Esty Bill to Reduce VA Appeals Backlog Signed into Law by President Trump
WASHINGTON, D.C. – President Donald Trump today signed into law the Veterans Appeals Improvement and Modernization Act, a bill authored jointly by Rep. Elizabeth Esty (D-CT) and Rep. Mike Bost (R-IL).
The legislation modernizes the appeals process at the Department of Veterans Affairs (VA) to cut down on the claims backlog and reduce delays. Under the current system, veterans must often wait five years or longer for their appeals to be resolved. The Esty-Bost legislation marks the first significant update to the VA appeals process in 30 years.
There are 470,000 pending appeals nationwide, including 1,425 just in the greater Hartford area.
Esty is the Ranking Member of the Subcommittee on Disability Assistance and Memorial Affairs. Bost is the Subcommittee’s Chairman.
“Because of the enormous appeals backlog, veterans in Connecticut and across the country are routinely made to wait more than five years to receive the benefits they earned,” Esty said. “That’s just not acceptable. Our bill to cut down on these delays is the result of thoughtful collaboration among Republicans, Democrats, veteran service organizations, and the VA itself. Today marks a huge step toward our goal of providing all veterans with the timely compensation they deserve for the injuries they sustained in service to our country.”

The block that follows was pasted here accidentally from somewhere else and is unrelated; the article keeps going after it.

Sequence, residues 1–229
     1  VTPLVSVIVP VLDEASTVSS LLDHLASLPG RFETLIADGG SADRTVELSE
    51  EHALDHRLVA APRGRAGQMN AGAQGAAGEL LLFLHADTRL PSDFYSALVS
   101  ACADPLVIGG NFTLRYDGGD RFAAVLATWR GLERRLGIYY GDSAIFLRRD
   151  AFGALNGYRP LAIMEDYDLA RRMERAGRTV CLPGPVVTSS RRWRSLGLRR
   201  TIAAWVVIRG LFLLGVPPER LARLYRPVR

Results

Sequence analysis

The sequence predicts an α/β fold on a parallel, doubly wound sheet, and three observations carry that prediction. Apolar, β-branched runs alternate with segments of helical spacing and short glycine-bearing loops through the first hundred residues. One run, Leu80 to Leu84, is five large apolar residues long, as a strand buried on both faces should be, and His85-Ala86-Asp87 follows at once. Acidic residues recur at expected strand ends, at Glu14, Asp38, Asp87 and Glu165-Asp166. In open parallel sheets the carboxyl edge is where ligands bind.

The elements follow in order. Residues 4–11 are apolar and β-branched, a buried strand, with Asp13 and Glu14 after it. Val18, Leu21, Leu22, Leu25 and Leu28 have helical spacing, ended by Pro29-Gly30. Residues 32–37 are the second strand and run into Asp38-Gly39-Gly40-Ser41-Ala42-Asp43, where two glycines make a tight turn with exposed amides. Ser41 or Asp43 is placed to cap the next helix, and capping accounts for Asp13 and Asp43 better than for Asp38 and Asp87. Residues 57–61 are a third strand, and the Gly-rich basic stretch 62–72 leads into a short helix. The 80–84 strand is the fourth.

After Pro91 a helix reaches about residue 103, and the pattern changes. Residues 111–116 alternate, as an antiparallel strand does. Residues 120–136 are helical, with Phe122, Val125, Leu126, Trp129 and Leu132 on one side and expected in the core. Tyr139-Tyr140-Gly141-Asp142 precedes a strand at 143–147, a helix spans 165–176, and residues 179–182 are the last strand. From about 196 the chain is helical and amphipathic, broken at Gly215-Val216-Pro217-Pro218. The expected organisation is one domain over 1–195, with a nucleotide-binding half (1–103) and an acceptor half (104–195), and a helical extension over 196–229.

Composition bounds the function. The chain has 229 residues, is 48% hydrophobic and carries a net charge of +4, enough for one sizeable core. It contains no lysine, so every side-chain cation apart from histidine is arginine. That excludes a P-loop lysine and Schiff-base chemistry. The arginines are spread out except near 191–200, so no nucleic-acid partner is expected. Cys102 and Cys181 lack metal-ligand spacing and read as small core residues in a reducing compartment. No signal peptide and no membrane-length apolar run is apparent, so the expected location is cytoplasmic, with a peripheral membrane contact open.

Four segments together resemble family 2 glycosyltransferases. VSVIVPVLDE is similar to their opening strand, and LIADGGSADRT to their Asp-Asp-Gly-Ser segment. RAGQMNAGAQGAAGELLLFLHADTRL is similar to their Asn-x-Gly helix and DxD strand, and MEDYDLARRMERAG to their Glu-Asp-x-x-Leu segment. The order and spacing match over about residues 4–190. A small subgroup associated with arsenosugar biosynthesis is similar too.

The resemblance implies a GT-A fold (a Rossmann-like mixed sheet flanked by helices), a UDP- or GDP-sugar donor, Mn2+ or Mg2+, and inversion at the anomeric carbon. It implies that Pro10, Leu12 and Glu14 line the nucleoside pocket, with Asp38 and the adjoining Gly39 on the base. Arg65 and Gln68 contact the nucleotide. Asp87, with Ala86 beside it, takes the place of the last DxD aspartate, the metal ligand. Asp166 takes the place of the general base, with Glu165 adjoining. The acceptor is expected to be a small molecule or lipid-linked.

“It’s very apparent that Congresswoman Esty is working tirelessly to see that all veterans have access to the benefits they so desperately need and deserve,” said Peter Scirpo, Chairman of the New Britain Veterans Commission and an Army veteran who served in Afghanistan. “It is so important to make sure all veterans get back what they earned.”
The Veterans Appeals Improvement and Modernization Act creates three “lanes” for veterans’ appeals, including the “Local Higher Level Review Lane,” in which an adjudicator reviews the same evidence considered by the original claims processor; the “New Evidence Lane,” in which the veteran could submit new evidence for review and have a hearing; and the “Board Lane,” in which jurisdiction for the appeal would transfer immediately to the Board of Veterans’ Appeals.
The legislation gives the Secretary of the Veterans Affairs the authority to test the new system prior to full implementation and allows some veterans already going through the appeals process to opt into the new system. It also requires the VA to provide a comprehensive plan for how the new system will be implemented and a subsequent certification by the Secretary that the department is prepared to roll-out the reform. Lastly, the Act requires the Secretary to submit periodic reports to Congress, including information on how many appeals are pending in both the modernized system and the legacy system.